Ever notice the kneelers in your pew at St. Mary’s? Did you know that, like everything else at our lovely historic church, each one has a story? The kneelers are the result of a thirteen-year recent project to redo our one hundred sixty kneelers that was part of the St. Mary’s bicentennial celebration in 2013. Every one of them was handmade by one of thirty-four stitchers.
In June 2018, one of our youth member’s Eagle Scout project was to organize and clean our attic. While clearing out old cardboard boxes, this plaque was discovered on a shelf hidden from view.
We researched and discovered that this plaque was dedicated to the parents – who were born in the middle 1800’s – of two brothers, Julius and Charles Schweinfurth. Both were architects of some repute – one in Cleveland and one in Boston. Buildings in the two cities still stand that were designed by them; including the Episcopal Cathedral in Cleveland. (The present Bishop of the Episcopal Diocese of Massachusetts was sometime Dean of that Cathedral.)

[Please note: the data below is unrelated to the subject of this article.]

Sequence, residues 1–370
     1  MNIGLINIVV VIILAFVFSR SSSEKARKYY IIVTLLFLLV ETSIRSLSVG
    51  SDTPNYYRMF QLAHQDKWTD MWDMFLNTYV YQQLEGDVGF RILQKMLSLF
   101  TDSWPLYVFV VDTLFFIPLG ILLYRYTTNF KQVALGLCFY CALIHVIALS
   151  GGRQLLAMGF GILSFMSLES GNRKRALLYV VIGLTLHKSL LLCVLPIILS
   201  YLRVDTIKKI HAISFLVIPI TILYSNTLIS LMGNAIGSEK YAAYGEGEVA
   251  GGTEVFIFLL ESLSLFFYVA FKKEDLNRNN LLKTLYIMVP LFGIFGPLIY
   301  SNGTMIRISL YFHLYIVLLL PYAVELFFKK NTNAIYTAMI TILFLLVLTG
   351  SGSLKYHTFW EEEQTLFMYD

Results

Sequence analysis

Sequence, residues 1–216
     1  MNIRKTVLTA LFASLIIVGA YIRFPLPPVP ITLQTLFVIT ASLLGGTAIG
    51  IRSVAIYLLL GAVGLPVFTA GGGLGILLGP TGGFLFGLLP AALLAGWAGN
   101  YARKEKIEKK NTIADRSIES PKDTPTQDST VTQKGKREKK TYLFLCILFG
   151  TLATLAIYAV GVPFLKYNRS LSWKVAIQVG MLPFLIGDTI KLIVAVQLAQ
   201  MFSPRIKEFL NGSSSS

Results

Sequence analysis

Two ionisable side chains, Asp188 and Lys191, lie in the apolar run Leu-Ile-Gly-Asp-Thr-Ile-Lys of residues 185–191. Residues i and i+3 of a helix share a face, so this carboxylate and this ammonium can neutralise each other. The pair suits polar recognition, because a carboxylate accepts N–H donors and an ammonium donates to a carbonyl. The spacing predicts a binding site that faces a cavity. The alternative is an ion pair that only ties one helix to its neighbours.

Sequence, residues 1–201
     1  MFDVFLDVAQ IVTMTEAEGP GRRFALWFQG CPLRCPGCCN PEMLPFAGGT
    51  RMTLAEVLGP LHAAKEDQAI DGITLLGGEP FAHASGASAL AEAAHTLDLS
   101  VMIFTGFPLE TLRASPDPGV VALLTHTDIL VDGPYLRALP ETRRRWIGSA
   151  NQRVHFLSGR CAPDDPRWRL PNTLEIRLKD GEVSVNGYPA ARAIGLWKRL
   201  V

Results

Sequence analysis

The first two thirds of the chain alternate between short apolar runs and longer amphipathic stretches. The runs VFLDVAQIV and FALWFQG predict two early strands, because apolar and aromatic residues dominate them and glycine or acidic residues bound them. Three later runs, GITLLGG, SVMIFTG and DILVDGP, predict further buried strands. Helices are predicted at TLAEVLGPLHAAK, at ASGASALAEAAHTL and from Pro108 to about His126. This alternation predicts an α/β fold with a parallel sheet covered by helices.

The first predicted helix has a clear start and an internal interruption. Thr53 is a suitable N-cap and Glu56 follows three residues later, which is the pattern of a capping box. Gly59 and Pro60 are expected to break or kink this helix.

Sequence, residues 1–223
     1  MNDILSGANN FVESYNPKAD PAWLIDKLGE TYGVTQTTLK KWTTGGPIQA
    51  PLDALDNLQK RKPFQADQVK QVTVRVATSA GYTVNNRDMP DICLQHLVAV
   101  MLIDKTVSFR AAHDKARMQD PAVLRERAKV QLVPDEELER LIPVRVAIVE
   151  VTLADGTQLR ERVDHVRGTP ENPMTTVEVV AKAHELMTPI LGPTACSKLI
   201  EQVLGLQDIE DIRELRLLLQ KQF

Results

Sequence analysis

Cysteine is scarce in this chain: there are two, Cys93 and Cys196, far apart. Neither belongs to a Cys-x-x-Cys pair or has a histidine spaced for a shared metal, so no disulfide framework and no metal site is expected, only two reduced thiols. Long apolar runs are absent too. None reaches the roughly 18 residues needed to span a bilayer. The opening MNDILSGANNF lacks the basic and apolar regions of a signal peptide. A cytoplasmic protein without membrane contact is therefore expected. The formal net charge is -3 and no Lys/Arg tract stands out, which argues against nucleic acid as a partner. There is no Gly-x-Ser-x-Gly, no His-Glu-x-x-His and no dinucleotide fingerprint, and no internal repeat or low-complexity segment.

The plaque was dedicated to the youth of the parish in the room that was set aside for their use. It brings pleasure to the members of this parish to rediscover this valuable artifact, that has so much to do with St. Mary’s, Boston and Cleveland.
St. Mary’s cornerstone was laid on September 29, 1813. Less than a year later, the church was dedicated as the first Episcopal parish built west of Boston.
Two hundred years later, in 2013, our parish embarked on a year long celebration of this remarkable anniversary. Through special concerts, a ‘historic worship service’, a rededication of the cornerstone, and celebrations of many types and sizes we marked our ministry in this corner of Newton.
We captured the highlights of that historic year here.
Any church – or any other organization – that has not only survived but thrived for over two hundred years has many stories to tell. So we decided to create a place on our website where these stories, or moments from our history, can be saved for our current and future members, as well as the world at large.